Some countries have socialized medicine and yet not a single one seems to have socialized justice. I wonder why.

    nevertheless, there ARE lawyers willing to try to ensure that disparity is mitigated, if not eliminated.

    [citation desperately needed]

    Out of the 760,000 or so practicing lawyers in the US, how many are such valiant defenders of the poor as you paint them to be? (I assume you have data to back up your numbers).

    the parent post tries to paint all lawyers as people who have chosen to do evil.

    No, they just chose to perpetuate an evil system, and profit handsomely while they're at it.

    if anything, the majority of lawyers are in the very business of making the world a better place, by defending the common person or the outcast

    Wow, you make lawyers look almost as beneficial to society as payday lenders [wikipedia.org].

    when no one else will.

    Because you monopolistic fucks

  • by Sarten-X (1102295) on Thursday July 05, 2012 @09:40AM (#40550725) Homepage

    Ahh, I see that's why we have over 10,000 of pages of the Tax Code. For clarifying that, silly me. What was I thinking. I "forgot" that over-engineering was a good thing. /sarcasm

    Yup. It covers everything from plain ol' normal income to how to tax gifts to foreign charities who are charities by American standards but not their home countries, after declaring bankruptcy. This is vitally important stuff to someone working with foreign charities and bankruptcies, but "over-engineering" to most others.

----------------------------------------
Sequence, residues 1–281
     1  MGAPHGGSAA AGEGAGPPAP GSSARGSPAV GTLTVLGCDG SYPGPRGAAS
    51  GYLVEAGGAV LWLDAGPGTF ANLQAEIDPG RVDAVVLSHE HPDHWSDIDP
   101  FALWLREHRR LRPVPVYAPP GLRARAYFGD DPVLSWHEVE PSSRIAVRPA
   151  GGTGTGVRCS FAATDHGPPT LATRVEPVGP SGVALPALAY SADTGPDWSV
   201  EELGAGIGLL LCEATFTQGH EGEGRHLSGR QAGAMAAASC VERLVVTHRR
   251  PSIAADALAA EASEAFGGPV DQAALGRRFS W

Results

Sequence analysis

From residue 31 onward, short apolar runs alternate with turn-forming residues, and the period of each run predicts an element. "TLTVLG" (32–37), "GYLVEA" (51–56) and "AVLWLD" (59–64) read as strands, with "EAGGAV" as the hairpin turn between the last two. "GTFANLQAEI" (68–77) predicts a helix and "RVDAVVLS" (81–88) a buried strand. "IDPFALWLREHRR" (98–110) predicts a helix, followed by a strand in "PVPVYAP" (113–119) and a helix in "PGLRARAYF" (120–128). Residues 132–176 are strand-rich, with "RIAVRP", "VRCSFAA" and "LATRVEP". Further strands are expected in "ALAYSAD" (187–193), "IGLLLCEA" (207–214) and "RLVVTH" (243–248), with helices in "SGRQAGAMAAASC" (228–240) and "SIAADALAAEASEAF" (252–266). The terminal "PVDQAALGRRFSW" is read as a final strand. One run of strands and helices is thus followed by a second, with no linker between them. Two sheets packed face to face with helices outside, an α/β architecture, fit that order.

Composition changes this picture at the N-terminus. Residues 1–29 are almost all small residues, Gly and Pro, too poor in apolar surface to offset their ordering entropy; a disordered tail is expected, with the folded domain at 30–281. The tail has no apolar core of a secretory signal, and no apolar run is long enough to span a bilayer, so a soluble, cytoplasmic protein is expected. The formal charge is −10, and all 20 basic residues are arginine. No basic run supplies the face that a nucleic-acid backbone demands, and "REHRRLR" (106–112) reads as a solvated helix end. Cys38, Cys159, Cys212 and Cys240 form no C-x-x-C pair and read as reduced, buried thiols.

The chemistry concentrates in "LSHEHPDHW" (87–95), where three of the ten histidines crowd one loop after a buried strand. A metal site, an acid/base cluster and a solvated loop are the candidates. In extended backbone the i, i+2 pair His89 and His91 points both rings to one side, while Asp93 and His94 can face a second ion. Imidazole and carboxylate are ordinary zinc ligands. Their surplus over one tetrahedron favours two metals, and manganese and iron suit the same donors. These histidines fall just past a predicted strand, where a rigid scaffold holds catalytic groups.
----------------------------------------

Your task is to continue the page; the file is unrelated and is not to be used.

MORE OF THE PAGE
So we should obfuscate the hell out of it so NO ONE can practically follow it. Gotcha.

    No, we should have them organized and cross-referenced into a document that can be read in sections, so nobody has to understand the whole thing at once, but can simply refer to the sections they need. You know, something like Title 26...

    Right, so you've personally read ALL 20 Volumes of Title 26 which is 13,458 pages of the Tax Code??

    No, but I've read the sections that apply to me to understand my tax situation. I'm probably not qualified to tell you your tax situation, but that's what tax preparers are for, whose training is vetted by lawyers who have (collectively) read the whole thing.

    If no, then how you do you know you are _following_ the law?

    For the exact same reason that I know I'm following California's laws for explosives: they don't apply to me. I've never dealt with explosives in California, and I've never been in the vast majority of situations described in the tax code.